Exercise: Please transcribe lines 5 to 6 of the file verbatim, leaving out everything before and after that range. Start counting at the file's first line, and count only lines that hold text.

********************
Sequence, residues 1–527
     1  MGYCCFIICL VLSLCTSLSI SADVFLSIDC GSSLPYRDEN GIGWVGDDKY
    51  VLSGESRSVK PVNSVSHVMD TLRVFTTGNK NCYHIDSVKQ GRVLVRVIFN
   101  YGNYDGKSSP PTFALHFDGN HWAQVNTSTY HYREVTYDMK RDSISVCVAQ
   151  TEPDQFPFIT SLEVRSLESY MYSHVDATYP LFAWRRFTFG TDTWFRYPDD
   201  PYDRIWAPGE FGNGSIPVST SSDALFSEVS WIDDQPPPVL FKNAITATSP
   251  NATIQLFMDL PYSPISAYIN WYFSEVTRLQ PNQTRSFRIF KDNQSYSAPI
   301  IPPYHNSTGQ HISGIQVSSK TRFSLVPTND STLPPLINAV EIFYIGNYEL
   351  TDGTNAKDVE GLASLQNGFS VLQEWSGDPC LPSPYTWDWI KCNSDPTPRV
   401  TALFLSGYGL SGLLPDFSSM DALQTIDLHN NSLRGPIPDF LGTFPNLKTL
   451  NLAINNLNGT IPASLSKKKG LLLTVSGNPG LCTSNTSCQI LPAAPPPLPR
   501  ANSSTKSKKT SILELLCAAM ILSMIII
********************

   151  TEPDQFPFIT SLEVRSLESY MYSHVDATYP LFAWRRFTFG TDTWFRYPDD
   201  PYDRIWAPGE FGNGSIPVST SSDALFSEVS WIDDQPPPVL FKNAITATSP